We’re all guilty of not listening at one point or another in our lives. We tune others out while we’re watching the TV, or trying to concentrate on something we’re reading. Nowadays, we try hard to multi-task between twitter and texting, but inevitably that means we’re not always listening to someone who’s trying to talk to us.
Believe it or not, listening is a skill just like writing or playing football is. That’s good news, because it also means you can learn to listen and be with the person who’s talking to you when they’re talking to you. In the meantime, it helps to understand some of the reasons we don’t listen. By identifying those reasons that ring true, you can then work on improving your listening skills, focusing on being aware of those reasons next time you find yourself not listening.
Awareness itself is not enough, however. You may need to practice “active listening” skills as well, and spend some time and effort in re-learning your normal listening behaviors. Being there when a person is talking to you can be a very rewarding experience, and often can enhance an existing relationship with friends, family, or your significant other.
You take a dualistic position that you are right and the other person is wrong. Dualism supports a preoccupation with proving your point of view. Directly expressing your feelings and thoughts without needing to be “right” allows you to express yourself, and listen to and understand others (without binding your communication to a right/wrong mindset).
You believe that the problem is the other person’s fault. “Owning” your problem (also called problem ownership, which means to take responsibility for it), based on the identification of your needs, is a functional alternative to a “blame-game” (e.g., to attribute to others what may not reflect their personal reality).
3. Need to be a Victim
You feel sorry for yourself and think that other people are treating you unfairly because they are insensitive and selfish. Listening minimizes becoming a voluntary victim or martyr — a position commonly observed when an individual performs tasks for others without their explicit request or approval.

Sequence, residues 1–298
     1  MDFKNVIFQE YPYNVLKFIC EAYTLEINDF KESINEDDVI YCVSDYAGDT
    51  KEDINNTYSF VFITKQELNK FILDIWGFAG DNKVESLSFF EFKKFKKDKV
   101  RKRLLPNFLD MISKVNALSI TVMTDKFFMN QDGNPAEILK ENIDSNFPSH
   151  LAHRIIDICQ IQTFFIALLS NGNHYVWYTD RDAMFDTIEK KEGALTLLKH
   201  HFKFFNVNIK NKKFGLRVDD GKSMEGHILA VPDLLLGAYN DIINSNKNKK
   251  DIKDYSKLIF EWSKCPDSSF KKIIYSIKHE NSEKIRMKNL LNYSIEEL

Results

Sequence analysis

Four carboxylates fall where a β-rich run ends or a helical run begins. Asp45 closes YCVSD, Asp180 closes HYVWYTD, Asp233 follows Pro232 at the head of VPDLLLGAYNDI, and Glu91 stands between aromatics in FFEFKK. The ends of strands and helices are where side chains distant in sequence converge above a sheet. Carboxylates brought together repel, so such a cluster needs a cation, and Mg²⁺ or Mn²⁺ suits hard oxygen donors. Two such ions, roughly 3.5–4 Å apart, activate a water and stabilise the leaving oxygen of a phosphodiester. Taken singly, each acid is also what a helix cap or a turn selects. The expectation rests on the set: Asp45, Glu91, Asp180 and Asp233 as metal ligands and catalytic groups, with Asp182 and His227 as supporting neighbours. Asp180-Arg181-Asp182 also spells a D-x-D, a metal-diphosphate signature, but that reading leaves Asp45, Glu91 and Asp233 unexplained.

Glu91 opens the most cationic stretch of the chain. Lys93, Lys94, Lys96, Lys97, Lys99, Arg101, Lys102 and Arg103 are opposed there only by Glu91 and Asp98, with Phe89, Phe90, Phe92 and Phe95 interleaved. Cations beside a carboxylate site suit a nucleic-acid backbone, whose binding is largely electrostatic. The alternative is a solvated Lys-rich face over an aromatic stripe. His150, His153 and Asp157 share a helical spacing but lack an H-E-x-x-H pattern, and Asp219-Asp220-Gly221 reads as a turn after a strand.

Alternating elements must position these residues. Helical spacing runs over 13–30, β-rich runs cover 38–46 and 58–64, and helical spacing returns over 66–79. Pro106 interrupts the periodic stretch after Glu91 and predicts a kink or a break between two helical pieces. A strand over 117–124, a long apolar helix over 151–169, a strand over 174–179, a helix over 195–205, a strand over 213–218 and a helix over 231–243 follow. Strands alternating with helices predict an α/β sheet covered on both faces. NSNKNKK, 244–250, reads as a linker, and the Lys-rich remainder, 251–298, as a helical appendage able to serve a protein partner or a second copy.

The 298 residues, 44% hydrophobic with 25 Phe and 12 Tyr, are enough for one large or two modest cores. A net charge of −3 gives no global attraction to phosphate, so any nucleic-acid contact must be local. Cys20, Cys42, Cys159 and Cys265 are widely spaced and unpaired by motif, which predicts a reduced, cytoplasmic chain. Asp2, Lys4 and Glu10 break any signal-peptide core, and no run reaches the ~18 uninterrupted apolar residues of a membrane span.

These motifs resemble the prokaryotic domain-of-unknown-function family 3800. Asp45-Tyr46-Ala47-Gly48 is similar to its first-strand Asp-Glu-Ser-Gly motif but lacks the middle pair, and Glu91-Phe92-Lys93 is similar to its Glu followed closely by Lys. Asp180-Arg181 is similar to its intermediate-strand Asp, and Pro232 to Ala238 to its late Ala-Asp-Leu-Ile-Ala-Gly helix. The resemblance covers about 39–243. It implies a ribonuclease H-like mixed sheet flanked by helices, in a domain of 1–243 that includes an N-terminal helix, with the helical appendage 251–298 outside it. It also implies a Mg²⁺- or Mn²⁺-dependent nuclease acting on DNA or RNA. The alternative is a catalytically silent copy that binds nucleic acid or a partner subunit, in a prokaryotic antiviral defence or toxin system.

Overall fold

An individual’s behavior can contribute to an interpersonal relationship problem although he or she does not “own” the problem. A “blind spot” prevents an individual from being aware of how her or his behavior affects others. An individual may be evaluated as dogmatic or stubborn. However, the person who’s doing the evaluating could be unaware of her or his tendency to be oppositional with regard to that person’s thoughts and ideas.
You are so fearful of criticism that you cannot listen when someone shares anything negative or unacceptable. Instead of listening and evaluating the perceptions of an individual, you prefer to defend yourself.
6. Coercion Sensitivity
You are uncomfortable with being supervised or given task-related instructions. Without concrete evidence, a position is taken that specific or general others are controlling and domineering; therefore, you must defend yourself.
7. Being Demanding
You feel entitled to better treatment from others, and you get frustrated when they do not treat you in a manner that is consistent with your entitlement. An insistence that they are unreasonable, and should not behave the way they do, negates your ability to understand the probable needs that are met through the other person’s behavior.
You want what you want when you want it, and you become confrontational or defiant when you do not get it. The absence of an interest in what others are probably thinking and feeling is a barrier to listening.
The position of mistrust includes a fundamental belief that others will manipulate you if you listen to them. An absence of empathic understanding prevents you from listening to others.
10. Help Addiction
You feel the need to help people when they need someone to listen to and understand them. The tendency to look for or seek out solutions when others are hurt, frustrated, or angry is viewed as trying to be helpful (even though the speaker did not explicitly request your recommendations or intervention).
Now that you know these reasons, what do you do about it? If you need further ideas for improving your communication skills with your partner, check out these 9 steps to better communication.
Burns, D.D. (1989). The feeling good handbook. New York: William Morrow.